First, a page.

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Author Topic: Infinite Crisis #7 Why?!  (Read 19380 times)
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Gangbuster
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« Reply #48 on: May 09, 2006, 04:03:20 AM »

Quote from: "Great Rao"
Quote from: "DoctorZero"
Thus ends the dream of the Multiverse/Earth 2 returning.

They teased us with it for Zero Hour; they teased us with it for Kingdom; and they teased us with it for Infinite Crisis.  They'll probably try to tease us again for the next big X-over, but I'm not buying it.  I'm tired of seeing everything destroyed ad-infinitum.  IC pretty much destroyed whatever faith I had left in DC and soured my taste for comics in general.  If this is what it all comes to, then there was no point to the last 70 years.  It seems that the folks at DC can do a pretty good job of destruction and of tearing everything down, but I don't see any creation or originality or respect for the readers or even respect for their own characters.
S!


Earth-1 still lives, on television. I'm watching an episode of The Flash (with Barry Allen) right now. Two facts remain: Crisis on Infinite Earths has had very little bearing on TV shows, and DVDs of the same shows are, for their entertainment value, less expensive than comics.

When you can get 18 episodes of Superman: The Animated series for 20 dollars, or one comic for 3, the choice is then obvious. On tv, Barry Allen still lives. Superman was a founding member of the Justice League, and spent his formative years in the Legion of Superheroes. The story of Earth-1 is still being written...forget the comics!*



*except, of course, All-Star Superman
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ShinDangaioh
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« Reply #49 on: May 09, 2006, 07:22:35 AM »

Quote from: "Gangbuster Thorul"
Quote from: "Great Rao"
Quote from: "DoctorZero"
Thus ends the dream of the Multiverse/Earth 2 returning.

They teased us with it for Zero Hour; they teased us with it for Kingdom; and they teased us with it for Infinite Crisis.  They'll probably try to tease us again for the next big X-over, but I'm not buying it.  I'm tired of seeing everything destroyed ad-infinitum.  IC pretty much destroyed whatever faith I had left in DC and soured my taste for comics in general.  If this is what it all comes to, then there was no point to the last 70 years.  It seems that the folks at DC can do a pretty good job of destruction and of tearing everything down, but I don't see any creation or originality or respect for the readers or even respect for their own characters.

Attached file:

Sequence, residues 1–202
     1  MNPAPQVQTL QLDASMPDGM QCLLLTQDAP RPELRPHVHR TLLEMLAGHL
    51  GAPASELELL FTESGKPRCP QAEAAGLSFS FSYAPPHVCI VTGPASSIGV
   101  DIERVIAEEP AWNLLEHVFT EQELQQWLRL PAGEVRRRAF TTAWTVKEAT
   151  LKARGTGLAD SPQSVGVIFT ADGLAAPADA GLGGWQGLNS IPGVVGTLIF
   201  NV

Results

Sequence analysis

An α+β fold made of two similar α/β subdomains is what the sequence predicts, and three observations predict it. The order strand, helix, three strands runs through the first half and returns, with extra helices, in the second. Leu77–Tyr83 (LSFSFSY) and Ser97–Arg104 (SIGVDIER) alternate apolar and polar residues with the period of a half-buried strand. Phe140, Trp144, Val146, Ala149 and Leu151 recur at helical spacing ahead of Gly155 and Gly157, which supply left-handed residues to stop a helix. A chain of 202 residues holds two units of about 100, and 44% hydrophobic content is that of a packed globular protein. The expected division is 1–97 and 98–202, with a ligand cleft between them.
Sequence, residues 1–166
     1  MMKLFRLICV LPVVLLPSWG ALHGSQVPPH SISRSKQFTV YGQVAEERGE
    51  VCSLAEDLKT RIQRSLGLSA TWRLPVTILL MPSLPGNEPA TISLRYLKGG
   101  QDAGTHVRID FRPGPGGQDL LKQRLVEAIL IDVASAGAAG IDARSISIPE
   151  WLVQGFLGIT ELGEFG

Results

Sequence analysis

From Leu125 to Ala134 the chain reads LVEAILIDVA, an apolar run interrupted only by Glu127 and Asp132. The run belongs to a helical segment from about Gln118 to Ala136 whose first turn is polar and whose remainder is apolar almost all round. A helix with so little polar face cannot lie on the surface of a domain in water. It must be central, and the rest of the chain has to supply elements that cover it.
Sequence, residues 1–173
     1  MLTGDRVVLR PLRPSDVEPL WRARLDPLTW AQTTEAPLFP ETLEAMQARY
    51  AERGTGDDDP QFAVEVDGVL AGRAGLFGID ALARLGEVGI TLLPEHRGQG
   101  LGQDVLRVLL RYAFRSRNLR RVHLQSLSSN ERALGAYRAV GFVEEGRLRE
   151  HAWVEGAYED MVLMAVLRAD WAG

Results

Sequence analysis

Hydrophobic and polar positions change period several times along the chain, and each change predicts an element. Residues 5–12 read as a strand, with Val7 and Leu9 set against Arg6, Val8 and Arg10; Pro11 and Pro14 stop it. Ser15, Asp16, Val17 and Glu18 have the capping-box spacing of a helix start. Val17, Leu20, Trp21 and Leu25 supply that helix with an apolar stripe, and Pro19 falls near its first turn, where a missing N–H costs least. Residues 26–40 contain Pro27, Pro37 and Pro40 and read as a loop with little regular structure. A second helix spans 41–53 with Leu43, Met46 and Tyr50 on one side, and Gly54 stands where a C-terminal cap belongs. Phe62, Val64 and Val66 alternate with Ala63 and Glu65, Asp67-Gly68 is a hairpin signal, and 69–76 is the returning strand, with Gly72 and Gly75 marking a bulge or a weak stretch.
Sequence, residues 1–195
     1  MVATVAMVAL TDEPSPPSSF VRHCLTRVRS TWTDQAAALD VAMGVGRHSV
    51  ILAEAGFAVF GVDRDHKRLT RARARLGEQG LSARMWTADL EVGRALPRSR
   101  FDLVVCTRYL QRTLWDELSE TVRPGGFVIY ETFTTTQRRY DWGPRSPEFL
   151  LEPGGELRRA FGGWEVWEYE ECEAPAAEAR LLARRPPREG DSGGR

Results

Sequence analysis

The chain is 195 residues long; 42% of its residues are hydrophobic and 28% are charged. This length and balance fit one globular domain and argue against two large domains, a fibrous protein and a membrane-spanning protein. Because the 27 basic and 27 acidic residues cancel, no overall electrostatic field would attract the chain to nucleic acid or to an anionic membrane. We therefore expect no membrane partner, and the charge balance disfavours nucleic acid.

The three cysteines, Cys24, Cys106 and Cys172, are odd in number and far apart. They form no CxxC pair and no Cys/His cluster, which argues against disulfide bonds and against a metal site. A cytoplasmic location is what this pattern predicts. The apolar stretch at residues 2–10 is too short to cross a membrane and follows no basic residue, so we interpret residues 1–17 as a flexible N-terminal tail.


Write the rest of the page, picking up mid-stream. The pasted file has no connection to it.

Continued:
S!


Earth-1 still lives, on television. I'm watching an episode of The Flash (with Barry Allen) right now. Two facts remain: Crisis on Infinite Earths has had very little bearing on TV shows, and DVDs of the same shows are, for their entertainment value, less expensive than comics.

When you can get 18 episodes of Superman: The Animated series for 20 dollars, or one comic for 3, the choice is then obvious. On tv, Barry Allen still lives. Superman was a founding member of the Justice League, and spent his formative years in the Legion of Superheroes. The story of Earth-1 is still being written...forget the comics!*



*except, of course, All-Star Superman


Add in the two fanfic sites, Faux DC and Five Earths Project  which you can read pretty much for free(internet connection and computer costs being the price you pay)

There are also other fanfic sites such as Continum Worlds that are also out there.

BTW you can pick up the original Superman cartoon for about $10 and it has 17 episodes on it.
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JulianPerez
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« Reply #50 on: May 11, 2006, 03:05:50 PM »

I recently just got INFINITE CRISIS #7, and I must say, overall I was pleased - it was like the last three pages of a really good story...for nearly an entire issue.

AS I HAVE ACTUALLY READ THE ISSUE, I thus am entitled to an opinion on it. (take note, Nightwing and Super Monkey!)

High points of the issue:

Usually when they have crowd scenes of Green Lanterns, they usually call on the same two or three guys over and over. Tomar-Re must be the Paris Hilton of Green Lanterns: always showing up when there's a party. But at least in this splash page, there are tons of great GLs that don't usually make the scene: for instance, there was the moustachioed lemon-skinned Green Lantern from the alien world that was perpetually in the Middle Ages. Amazing how knowledgeable Geoff Johns is about the Lantern Corps - is the sludge-yeast creature the Mike W. Barr creation Eddore?

When Wonder Woman's invisible jet showed up ever so subtly - it was there all along - it showed just how downright cool an invisible jet can be.

Is that the Chinese staff used by the Green Lantern from that Elseworlds that washed up on that beach? What an idea - incorporating it into the mainstream DCU!

Well, the arc covering the characters of Wonder Woman and Batman are over: Wonder Woman has learned the err of her ways, and Batman's characterization is fundamentally altered away from his 1990s "hunchback" grotesquery: he has admitted he is able to have allies and refuses to go at things alone anymore. And was that a smile I saw him crack at the end there?